But it remains remarkably easy to find detailed advice on using and administering MMS, a potentially harmful coronavirus “cure,” in groups on the platform.
People are even using the site to sell and distribute the chlorine dioxide mixture, which the U.S. Food and Drug Administration (FDA) has been cautioning against for years, likening it to a “powerful bleaching agent” in one graphic.
“Both sodium chlorite and chlorine dioxide are the active ingredients in disinfectants and have additional industrial uses,” the FDA cautions in a 2019 consumer update. “They are not meant to be swallowed by people.” The agency explains those who do use MMS might experience “severe vomiting, severe diarrhea, life-threatening low blood pressure caused by dehydration, and acute liver failure.”
Still, MMS, shorthand for “Miracle” or “Master Mineral Solution,” has been promoted as a remedy for everything from autism to HIV/AIDS, and now, coronavirus.
While media outlets noted a spike in social media interest about MMS since President Trump’s comment on using disinfectants to treat the virus, in some private coronavirus Facebook groups, it’s been a popular topic for months.
In one group, which purports to be for coronavirus “natural remedies” and has thousands of members, multiple posters describe taking MMS as both a preventative measure and a cure for COVID-19, the infection caused by coronavirus.
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In one particularly worrying comment, an advocate even encourages a breastfeeding mother to take the substance, citing a pro-MMS blog post to suggest it is safe. A group admin also boasts of having Kerri Rivera, one of the most prolific advocates of MMS, in the group, which regularly links back to her website. Users dismiss the warnings from media and government agencies, claiming they view MMS as a threat to “big pharma.”
A basic search for “MMS” on Facebook turns up groups including “Treating Lyme with MMS.”
Previously, the top result was for a private group called “MMS Protocol Support Page,” which included detailed instructions for purchasing and administering the solution.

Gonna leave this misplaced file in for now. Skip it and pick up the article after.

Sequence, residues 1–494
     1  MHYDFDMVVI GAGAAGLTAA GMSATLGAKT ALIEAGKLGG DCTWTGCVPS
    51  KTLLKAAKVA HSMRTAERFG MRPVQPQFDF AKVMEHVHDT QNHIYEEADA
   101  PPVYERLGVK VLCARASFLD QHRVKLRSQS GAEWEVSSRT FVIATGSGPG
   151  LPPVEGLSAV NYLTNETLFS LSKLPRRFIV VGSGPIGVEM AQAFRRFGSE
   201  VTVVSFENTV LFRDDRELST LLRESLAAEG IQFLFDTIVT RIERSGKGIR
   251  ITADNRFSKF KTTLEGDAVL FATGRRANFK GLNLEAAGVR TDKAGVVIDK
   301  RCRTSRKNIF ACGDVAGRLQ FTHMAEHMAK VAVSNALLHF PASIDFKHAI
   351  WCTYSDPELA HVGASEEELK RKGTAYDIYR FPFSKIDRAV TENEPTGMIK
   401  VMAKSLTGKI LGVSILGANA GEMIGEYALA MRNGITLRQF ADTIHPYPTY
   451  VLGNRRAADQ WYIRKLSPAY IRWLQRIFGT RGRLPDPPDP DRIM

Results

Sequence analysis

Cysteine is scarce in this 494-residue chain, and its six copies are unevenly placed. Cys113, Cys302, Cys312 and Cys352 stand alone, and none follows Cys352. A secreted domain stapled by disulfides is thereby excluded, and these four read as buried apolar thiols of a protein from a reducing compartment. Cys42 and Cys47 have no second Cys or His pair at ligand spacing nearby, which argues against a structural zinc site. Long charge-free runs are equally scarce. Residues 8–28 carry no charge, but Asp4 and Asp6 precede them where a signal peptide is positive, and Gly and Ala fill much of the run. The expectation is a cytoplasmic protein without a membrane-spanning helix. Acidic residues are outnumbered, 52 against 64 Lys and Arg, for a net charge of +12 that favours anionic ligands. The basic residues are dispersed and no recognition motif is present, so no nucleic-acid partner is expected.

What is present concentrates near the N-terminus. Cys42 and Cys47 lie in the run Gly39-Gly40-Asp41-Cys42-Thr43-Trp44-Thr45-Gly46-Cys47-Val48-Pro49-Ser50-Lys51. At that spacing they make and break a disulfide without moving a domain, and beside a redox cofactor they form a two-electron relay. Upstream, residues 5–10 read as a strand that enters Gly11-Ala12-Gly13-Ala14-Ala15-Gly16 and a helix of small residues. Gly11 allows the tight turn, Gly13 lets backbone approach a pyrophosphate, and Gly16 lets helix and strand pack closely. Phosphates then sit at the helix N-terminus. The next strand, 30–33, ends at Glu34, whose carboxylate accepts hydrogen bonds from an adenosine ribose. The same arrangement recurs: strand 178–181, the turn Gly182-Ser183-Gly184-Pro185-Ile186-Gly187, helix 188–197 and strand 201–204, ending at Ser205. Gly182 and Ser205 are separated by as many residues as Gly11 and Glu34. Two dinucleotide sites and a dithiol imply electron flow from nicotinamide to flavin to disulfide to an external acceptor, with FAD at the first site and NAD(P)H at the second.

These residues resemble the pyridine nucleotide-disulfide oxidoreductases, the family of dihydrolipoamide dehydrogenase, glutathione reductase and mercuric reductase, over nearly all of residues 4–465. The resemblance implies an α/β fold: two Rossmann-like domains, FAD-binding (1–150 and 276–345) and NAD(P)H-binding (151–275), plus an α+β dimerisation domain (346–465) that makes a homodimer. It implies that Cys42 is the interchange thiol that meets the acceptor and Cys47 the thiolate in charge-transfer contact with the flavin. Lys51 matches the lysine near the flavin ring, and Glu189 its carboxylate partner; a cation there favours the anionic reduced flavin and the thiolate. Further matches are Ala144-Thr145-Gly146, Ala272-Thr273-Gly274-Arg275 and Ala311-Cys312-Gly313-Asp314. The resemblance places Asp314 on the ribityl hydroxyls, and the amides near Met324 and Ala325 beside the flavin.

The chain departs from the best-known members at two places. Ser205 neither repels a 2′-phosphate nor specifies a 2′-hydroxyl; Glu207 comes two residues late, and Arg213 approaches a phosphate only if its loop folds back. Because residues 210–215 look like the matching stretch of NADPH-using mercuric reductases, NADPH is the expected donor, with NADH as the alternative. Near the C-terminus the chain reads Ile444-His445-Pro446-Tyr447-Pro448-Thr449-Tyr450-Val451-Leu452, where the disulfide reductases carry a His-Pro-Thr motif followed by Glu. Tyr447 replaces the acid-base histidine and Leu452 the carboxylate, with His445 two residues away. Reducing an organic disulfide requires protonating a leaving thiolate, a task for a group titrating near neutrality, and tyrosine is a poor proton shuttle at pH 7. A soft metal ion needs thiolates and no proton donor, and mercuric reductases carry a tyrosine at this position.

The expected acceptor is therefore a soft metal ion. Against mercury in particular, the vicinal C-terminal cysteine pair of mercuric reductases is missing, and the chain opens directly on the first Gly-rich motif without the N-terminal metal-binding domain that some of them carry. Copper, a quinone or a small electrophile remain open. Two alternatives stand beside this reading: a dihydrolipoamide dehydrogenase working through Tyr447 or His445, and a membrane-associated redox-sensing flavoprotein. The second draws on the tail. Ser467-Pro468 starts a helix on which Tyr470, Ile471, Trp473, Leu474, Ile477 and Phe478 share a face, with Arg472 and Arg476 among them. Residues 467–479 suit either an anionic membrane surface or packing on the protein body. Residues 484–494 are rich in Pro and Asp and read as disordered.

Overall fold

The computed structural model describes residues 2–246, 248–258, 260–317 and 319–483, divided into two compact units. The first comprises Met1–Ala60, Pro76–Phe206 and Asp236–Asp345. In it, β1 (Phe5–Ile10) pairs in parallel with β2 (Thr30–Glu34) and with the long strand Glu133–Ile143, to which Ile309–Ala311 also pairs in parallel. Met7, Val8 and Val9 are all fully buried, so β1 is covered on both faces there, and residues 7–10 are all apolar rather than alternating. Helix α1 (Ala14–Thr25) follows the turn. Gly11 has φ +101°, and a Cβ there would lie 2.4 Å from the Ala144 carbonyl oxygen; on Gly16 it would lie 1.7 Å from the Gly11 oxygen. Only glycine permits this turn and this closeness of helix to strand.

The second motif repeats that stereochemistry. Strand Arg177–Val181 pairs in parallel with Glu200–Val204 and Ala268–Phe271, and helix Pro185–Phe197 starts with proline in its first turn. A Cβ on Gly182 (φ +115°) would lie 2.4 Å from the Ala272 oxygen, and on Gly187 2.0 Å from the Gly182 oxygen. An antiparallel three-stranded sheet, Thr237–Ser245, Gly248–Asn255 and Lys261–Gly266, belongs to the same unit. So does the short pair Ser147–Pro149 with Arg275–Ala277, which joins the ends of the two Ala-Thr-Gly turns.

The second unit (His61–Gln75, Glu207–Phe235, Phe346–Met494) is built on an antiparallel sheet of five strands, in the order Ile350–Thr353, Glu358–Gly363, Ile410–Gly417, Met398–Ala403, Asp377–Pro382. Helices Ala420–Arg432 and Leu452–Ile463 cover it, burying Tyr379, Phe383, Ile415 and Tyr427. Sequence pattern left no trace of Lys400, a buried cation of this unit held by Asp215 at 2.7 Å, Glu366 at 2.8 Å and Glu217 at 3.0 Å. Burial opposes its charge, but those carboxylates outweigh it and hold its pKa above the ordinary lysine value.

While a welcome post from the church for new members noted “no medical advice is given here” and it did not “recommend trying MMS,” the same post went on to describe MMS as “profoundly healing.”
A later post from the church’s page offered virtual “Hourly Personal MMS Coaching Sessions” for $50. Members posted almost exclusively about their daily MMS regimes and medical questions, which were addressed by the administrator and other users.
After an inquiry from the Daily Dot, a representative from Facebook said the group was removed for violating the platform’s Community Standards.
The public church page behind the group, which shares similar dosing information, is still available. The FDA sent a warning letter to the Genesis II Church in early April to cease selling the solution. Later that month, a federal judge temporarily blocked them from further sales. Links to purchasing MMS as “donations” to the church are still readily available on its website.
But just removing one page won’t do much to halt the hucksters.
On Facebook, posters continue to share their sources for purchasing the chemical solution. Both groups mentioned here had numerous posts and comments referring to multiple operators offering MMS, including sellers on eBay and other Facebook users. Those posts are still available in the “natural remedies” groups.
Facebook’s Regulated Goods policy prohibits content that attempts to sell, promote, or solicit non-medical drugs, as well as posts that provide instructions on how to use or make non-medical drugs.
When it comes to the issue of disinformation in groups, Facebook previously told the Daily Dot, “Anyone who searches for COVID-19 related groups is directed to credible information from health organizations.” Facebook also has promised to “reduce the distribution” of groups that promote disinformation or even remove or delete them.
Members in MMS groups had expressed concern that Facebook would monitor their posts. Some users, like Rivera, have turned to alternative platforms like Telegram, where, as Business Insider reports, she is able to post with impunity.
Experts around the world agree there is currently no cure for coronavirus. The FDA warns of any substances that claim to “cure, treat, or prevent COVID-19.”